U.S. Senator Cynthia Lummis (R-WY) released the following statement on today’s certification of the Electoral College votes:
“I have serious concerns about election integrity, especially in Pennsylvania, and expressed some of them in a written statement to the Senate. But today’s sickening, un-American attack on the U.S. Capitol overshadowed that debate.
“Congress cannot fix problems with election integrity, only states can fix these problems. But Congress can investigate those problems and raise awareness. The allegations of fraud during this election were unprecedented, and left millions of Americans concerned that their votes don’t count. Discussions of election integrity must occur and I will seek another forum to continue that discussion.”
Lummis submitted the following statement for the record during the Senate debate over Pennsylvania’s Electoral College votes.
“It is the privilege of a lifetime to represent the people of Wyoming in this great deliberative body. I genuinely look forward to joining each of you to make a difference for the American people and to uphold my solemn oath to support and defend the Constitution.
“Let me be clear: an attack on our Capitol is an attack on our Constitution and democracy itself. I strongly condemn the violence that occurred today, which did more to thwart the democratic process than to protect it.
“Today, many members of the Senate were trying to peacefully use our democratic process to ensure each and every American’s vote counts. In the best tradition of the United States Senate, we will fulfill our Constitutional duty and complete the Electoral Count tonight.
“In 1833, Senator Daniel Webster said that “duty binds … the conscience of the individual member” in counting the votes for President and Vice President.
“Each of us has a solemn duty to ensure that the slate of presidential electors we certify is beyond reproach, respecting the people’s voice and upholding the Constitution.
“Congress will not overturn the people’s voice. A president will be inaugurated on January 20th. Congress cannot and shall not dictate the results of a presidential election to our states. That would be the death of our Republic.
“In the coming months, Congress must take a fresh look at troubling concerns from the election that simply don’t add up.
“After the 2000 presidential election, millions of voters in Florida felt disenfranchised, and now 74 million Americans deserve the assurance and the dignity that their votes count the same as every other American.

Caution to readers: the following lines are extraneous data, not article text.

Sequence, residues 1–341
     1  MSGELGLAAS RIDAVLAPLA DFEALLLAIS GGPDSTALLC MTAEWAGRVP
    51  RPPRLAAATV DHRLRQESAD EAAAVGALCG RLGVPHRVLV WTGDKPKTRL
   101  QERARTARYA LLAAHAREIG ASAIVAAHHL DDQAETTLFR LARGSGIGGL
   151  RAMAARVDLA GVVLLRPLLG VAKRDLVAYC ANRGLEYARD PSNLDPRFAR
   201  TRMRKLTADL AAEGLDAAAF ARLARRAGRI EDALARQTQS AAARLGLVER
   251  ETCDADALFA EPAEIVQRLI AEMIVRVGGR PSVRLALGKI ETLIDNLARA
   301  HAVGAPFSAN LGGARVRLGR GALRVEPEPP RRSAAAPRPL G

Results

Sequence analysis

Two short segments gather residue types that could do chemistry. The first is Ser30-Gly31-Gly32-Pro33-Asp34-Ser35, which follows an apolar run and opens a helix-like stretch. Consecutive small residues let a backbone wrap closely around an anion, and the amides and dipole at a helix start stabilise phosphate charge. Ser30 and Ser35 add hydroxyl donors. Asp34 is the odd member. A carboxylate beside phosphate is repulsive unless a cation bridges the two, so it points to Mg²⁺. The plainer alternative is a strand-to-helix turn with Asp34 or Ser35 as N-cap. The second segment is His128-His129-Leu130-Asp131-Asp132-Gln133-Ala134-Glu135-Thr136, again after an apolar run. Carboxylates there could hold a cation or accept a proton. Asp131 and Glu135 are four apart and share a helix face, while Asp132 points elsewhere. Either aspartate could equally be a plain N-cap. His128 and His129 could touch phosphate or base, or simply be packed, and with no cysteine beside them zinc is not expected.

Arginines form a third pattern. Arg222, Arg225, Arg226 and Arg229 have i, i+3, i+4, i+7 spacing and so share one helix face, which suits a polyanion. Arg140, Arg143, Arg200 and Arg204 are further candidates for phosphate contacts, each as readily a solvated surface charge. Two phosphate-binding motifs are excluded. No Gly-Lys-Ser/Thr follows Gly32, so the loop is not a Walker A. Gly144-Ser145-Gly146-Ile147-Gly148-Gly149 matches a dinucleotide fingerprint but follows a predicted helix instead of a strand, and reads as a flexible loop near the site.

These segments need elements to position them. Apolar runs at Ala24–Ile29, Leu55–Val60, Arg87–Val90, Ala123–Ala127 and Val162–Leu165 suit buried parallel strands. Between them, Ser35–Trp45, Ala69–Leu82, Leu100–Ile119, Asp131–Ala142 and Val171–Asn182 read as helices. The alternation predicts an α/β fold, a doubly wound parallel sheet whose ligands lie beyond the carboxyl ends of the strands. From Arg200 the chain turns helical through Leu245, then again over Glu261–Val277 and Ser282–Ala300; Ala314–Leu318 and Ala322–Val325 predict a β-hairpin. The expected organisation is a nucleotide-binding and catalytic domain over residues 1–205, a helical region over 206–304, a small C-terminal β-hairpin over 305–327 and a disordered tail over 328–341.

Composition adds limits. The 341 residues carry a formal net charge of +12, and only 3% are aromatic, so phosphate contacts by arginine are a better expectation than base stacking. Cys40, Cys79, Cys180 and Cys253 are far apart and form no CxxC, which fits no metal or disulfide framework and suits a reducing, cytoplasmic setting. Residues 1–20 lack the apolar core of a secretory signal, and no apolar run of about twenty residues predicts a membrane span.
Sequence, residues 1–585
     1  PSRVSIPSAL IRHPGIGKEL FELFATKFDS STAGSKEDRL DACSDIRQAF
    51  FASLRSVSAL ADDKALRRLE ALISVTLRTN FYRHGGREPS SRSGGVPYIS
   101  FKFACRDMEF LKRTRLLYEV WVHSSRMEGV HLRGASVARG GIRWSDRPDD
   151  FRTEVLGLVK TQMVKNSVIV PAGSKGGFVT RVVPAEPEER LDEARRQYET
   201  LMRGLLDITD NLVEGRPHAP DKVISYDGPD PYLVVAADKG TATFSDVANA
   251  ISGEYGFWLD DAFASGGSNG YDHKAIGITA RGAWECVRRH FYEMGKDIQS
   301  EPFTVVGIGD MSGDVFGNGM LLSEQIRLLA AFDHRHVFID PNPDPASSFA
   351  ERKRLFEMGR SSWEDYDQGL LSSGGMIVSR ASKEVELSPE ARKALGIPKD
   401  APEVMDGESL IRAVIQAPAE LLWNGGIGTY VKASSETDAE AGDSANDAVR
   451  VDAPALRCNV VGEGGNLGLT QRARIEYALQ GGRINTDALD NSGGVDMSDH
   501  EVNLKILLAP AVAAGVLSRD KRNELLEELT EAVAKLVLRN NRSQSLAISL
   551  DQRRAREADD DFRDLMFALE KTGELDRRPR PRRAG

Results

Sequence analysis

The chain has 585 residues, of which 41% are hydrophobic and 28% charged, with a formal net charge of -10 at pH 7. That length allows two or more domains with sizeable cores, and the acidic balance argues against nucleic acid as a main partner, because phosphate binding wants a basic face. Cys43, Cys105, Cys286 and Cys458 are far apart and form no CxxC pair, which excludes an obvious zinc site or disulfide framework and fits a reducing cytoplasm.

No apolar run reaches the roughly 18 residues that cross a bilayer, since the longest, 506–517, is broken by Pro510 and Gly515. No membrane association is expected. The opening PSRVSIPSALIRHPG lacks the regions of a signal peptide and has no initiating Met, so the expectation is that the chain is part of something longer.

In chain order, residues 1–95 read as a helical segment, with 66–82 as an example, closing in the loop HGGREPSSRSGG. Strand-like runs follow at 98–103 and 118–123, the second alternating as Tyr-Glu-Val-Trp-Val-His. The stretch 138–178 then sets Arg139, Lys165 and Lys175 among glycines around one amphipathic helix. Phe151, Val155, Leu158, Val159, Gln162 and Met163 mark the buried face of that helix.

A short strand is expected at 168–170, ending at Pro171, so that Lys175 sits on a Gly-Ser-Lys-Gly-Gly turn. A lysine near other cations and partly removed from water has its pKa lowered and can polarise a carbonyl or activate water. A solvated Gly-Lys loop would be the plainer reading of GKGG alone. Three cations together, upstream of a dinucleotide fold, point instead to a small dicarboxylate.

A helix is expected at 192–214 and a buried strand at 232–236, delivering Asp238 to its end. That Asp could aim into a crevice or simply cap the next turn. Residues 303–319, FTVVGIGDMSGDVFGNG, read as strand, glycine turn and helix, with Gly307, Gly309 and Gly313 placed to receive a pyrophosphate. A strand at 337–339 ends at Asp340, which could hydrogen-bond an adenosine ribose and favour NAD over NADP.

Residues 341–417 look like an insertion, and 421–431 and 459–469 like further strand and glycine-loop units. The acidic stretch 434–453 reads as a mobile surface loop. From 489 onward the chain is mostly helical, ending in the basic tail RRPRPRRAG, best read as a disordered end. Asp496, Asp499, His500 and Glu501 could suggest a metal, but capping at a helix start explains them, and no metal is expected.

“We owe our first duty to the American people, following procedures–like the Electoral Count Act–used for nearly 150 years.
“It’s my fervent hope that our state legislatures will consider meaningful election reform to ensure that our election laws are applied uniformly, to ensure the technology we use is accurate and secure, and most importantly, to ensure that all Americans treasure our precious right to vote and feel their voices are heard.
“States are at the very center of elections in our country and will remain so. Many ask why Congress should be involved in election matters that have been considered by the courts.
“Some argue that Congress’ role in certifying our presidential elections is merely ministerial.
“Under our constitutional separation of powers, it is too often forgotten that Congress has the right and duty to interpret the Constitution, especially on matters which by the Constitution have been delegated to Congress, like the Electoral Count.
“Congress interpreted the Twelfth Amendment in passing the Electoral Count Act in 1887, and continues to breathe new life into these provisions by its actions today.
“Our Founders understood Congress would play a key role in debating constitutional issues as a co-equal branch of government.
“Thomas Jefferson commented in an 1819 letter that “each of the three departments [of government] has equally the right to decide for itself what is its duty under the Constitution.”
“I remain deeply concerned that the electoral votes of the Commonwealth of Pennsylvania were not “regularly given” under Pennsylvania law, as required by the Electoral Count Act.
“Serious concerns have been raised about the constitutionality of Pennsylvania’s vote-by-mail statute. Also, Pennsylvania election law may have been applied unevenly by state officials, including signature verification and voter identification requirements.
“In 2005, Sen. Barbara Boxer and the late Representative Stephanie Tubbs Jones objected to the slate of electors from Ohio.
“They rightfully drew attention to the fact that many African-Americans and other communities suffered disproportionate wait times at the polls, broken voting machines and high ballot rejection rates.
“Raising this objection led to some of these issues being remedied and more Americans having the precious opportunity to vote.
“That’s a legacy our Senate and every American should value today.